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AgResearch is also playing a major role in the partnership, which sees the consolidation of Sheep Improvement Ltd, the Beef and Lamb New Zealand Central Progeny Test, and Ovita to form Beef and Lamb New Zealand Genetics.
An AgResearch spokeswoman yesterday confirmed staff at Invermay would be involved with the initiative.
The science plan for the work would be developed by Beef and Lamb New Zealand Genetics and, once that was confirmed, AgResearch would know how many staff were likely to be involved, she said.
Total funding from government and industry sources would be up to $8.8 million a year. Massey and Lincoln Universities are also involved as research partners.
AbacusBio managing director Neville Jopson said when contacted it was positive for the sheep industry.
Bringing together the three entities was a ''great thing to do'' and should hopefully lead to more efficiency, he said.
Science and Innovation Minister Steven Joyce yesterday announced a $15 million investment in genetics research to improve profitability in the sheep and beef sector.
The funding, over five years and contributed by the Ministry of Business, Innovation and Employment, would allow further expansion into beef genetics.
It would also allow both the sheep and beef industries to further improve genetic gain in the development of new traits to satisfy the increasing trend of farming in hill-country environments.
Mr Joyce said genetic improvement in the sheep industry had contributed greatly to farm profitability and, for every dollar captured on farm, another 50c was captured off-farm.
''In just 10 years, Beef and Lamb New Zealand Genetics expect that farmers will receive $5.90 extra profit per lamb sold at that time,'' Mr Joyce said.
Investing in genetics would help improve meat quality, contribute directly to improving on-farm profitability, and ensure the needs of consumers were met, he said.
Beef and Lamb New Zealand chairman Mike Petersen said the Government funding was a ''pleasing show of confidence'' in the sector, with the potential to significantly boost farmer profitability and that of the economy.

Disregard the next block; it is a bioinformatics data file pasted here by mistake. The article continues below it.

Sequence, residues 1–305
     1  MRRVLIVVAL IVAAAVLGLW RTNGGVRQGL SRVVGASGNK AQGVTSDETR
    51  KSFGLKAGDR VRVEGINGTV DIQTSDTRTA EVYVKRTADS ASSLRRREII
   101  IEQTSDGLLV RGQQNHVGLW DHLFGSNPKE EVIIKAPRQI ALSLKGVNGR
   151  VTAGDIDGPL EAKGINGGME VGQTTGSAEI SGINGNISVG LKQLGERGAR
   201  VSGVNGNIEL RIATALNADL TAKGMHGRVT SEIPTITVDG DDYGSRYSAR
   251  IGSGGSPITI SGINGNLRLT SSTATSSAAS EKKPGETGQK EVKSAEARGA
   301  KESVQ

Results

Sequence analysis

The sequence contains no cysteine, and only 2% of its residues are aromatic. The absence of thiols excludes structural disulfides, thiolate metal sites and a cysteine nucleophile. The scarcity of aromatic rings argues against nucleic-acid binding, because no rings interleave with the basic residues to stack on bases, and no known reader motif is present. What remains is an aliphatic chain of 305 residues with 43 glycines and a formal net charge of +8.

The investment supported a whole range of research, identifying new breeding traits that would produce more efficient animals and those that met consumer preferences in valuable export markets.
''We're especially interested in further developing the traits that thrive on hill country, as this is where an increasing proportion of New Zealand sheep and beef production is based these days with changing land use to dairy,'' Mr Petersen said.
Speeding up genetic gain and finding desirable genetic traits would keep the industry ''ahead of the game and its competitors'', he said.
It was intended Government investment would match contributions from farmers and other commercial companies through Beef and Lamb New Zealand Genetics.
A proposal to continue investing in genetics research and innovation via Beef and Lamb New Zealand would be put to sheep and beef farmers in the coming weeks ahead of the organisation's annual meeting on March 14.
Farmers would be asked to reaffirm their current annual investment of $2.9 million through a vote. Other private sector funds of $1.5 million a year for the next five years had been secured by Beef and Lamb New Zealand Genetics would be sought from other sources to take the total funding to $44 million over five years.